Lower Work Comp Medical Costs under “Obamacare”?

The good folks at Business Insurance magazine, wrote a post last week about how the Affordable Care Act, “Obamacare” may actually lower workers’ comp medical costs.

The article, entitled,” “Obamacare” may cut work comp costs“, points to a Rand Corp study that concluded that the ACA may actually cut workers’ comp medical costs.

The author of the article quotes from the abstract of the study.

“Although it is widely recognized that health care reform has the potential to affect the volume and cost of medical care received through the workers’ compensation (WC) system, to date there is little empirical evidence of this effect,” the abstract says. “This study used the experience of Massachusetts, which implemented a health care reform package with several provisions similar to those in the Patient Protection and Affordable Care Act of 2010, to empirically estimate how health reform impacts WC hospital care. It was found that WC billing frequency for both emergency room visits and inpatient hospitalizations fell by 5 to 10 percent as a result of reform, but that billed charges and treatment volume were not measurably affected. These impacts were observable among patients with more costly injuries and persisted even after various approaches were used to account for the effects of the economic downturn that began at the end of 2007. While many outstanding questions about the impacts of health reform on WC remain, this early quantitative, empirical evidence suggests that reform may reduce medical costs borne by the WC system.”

If this is true, and there is a long way to go before there is definitive proof of this, it would mean that implementing medical tourism into workers’ compensation would be considerably more difficult to achieve. Yet, the study does suggest, as the abstract states, that billed charges did not change in Massachusetts.

One state out of fifty does not mean that costs in other states will do the same. Much of what people in the work comp industry have said about the ACA and its’ impact on work comp range from none at all, to complete federalization, so at this stage, it is too early to tell if there will be any cause for alarm among those wishing to implement medical tourism into workers’ comp.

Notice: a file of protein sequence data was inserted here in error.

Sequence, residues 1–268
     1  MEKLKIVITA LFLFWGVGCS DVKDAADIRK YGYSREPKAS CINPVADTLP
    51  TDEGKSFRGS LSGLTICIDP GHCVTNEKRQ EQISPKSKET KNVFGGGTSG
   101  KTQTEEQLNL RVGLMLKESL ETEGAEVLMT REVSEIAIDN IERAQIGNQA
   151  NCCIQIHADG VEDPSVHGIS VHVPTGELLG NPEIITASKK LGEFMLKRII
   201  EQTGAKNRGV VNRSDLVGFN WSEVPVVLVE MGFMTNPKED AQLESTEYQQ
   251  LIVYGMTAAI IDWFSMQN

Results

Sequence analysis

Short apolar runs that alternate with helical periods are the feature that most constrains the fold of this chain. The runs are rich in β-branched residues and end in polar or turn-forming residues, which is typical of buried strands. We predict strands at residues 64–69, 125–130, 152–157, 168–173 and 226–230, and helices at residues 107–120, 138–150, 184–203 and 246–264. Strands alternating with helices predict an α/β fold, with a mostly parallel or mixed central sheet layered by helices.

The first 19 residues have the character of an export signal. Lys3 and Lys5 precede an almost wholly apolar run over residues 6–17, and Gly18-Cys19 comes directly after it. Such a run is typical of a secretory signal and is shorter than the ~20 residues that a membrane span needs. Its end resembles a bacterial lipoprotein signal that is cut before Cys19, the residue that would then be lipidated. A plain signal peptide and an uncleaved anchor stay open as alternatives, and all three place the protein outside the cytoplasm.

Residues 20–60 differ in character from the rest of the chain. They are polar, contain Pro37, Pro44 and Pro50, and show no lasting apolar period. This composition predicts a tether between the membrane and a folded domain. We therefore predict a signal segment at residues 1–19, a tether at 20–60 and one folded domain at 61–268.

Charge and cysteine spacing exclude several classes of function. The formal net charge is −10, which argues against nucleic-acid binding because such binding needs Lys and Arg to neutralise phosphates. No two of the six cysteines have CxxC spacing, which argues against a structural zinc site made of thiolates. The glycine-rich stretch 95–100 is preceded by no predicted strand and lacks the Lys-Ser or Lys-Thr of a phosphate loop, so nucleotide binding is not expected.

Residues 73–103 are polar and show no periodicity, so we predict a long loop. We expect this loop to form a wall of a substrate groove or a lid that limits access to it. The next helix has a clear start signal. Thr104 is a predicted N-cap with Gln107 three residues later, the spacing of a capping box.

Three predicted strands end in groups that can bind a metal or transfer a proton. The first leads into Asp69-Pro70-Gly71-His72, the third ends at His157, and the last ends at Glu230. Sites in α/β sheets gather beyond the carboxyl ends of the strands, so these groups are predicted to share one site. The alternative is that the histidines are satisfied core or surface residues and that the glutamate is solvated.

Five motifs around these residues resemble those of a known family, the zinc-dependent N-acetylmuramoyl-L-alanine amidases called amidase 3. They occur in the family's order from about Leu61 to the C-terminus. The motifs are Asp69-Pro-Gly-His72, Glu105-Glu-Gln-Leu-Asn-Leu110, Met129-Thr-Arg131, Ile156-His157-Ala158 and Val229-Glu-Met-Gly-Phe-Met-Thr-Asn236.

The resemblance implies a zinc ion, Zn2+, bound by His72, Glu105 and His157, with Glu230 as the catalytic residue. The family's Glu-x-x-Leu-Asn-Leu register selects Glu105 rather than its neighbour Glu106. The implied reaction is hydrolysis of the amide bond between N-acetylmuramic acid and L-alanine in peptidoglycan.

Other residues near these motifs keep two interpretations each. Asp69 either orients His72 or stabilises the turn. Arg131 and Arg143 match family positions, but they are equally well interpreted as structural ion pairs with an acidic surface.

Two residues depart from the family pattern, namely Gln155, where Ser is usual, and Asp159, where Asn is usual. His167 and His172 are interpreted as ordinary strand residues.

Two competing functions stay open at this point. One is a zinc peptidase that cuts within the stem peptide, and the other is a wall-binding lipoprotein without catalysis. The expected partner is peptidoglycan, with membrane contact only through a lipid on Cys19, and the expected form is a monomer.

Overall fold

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This entry was posted in Health Care Reform, Medical Tourism, Workers' Compensation and tagged , , on by .

About Transforming Workers' Comp

Have worked in the Insurance and Risk Management industry for more than thirty years in New York, Florida and Texas in the Claims and Risk Management spheres, primarily in Workers’ Compensation Claims, Auto No-Fault and Property & Casualty Claims Administration and Claims Management. Have experience in Risk and Insurance Business Analysis, Risk Management Information Systems, and Insurance Data Processing and Data Management. Received my Master’s in Health Administration (MHA) degree from Florida Atlantic University in Boca Raton, Florida in December 2011. Received my Master of Arts (MA) degree in American History from New York University, and received my Bachelor of Arts (BA) degree in Liberal Arts (Political Science/History/Social Sciences) from SUNY Brockport. I have studied World History, Global Politics, and have a strong interest in the future of human civilization in all aspects; economic, political and social. I am looking for new opportunities that will utilize my previous experience and MHA degree. I am available for speaking engagements and am willing to travel. LinkedIn Profile: http://www.linkedin.com/in/richardkrasner Resume: https://www.box.com/s/z8rxcks6ix41m3ocvvep

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